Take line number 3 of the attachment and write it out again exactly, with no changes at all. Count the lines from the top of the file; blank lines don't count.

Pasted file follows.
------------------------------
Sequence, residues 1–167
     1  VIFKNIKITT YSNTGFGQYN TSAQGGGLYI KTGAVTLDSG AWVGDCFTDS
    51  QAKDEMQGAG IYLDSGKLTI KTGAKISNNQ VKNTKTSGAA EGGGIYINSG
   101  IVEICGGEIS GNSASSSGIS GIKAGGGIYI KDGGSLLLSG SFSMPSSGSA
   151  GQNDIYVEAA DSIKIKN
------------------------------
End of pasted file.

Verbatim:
    51  QAKDEMQGAG IYLDSGKLTI KTGAKISNNQ VKNTKTSGAA EGGGIYINSG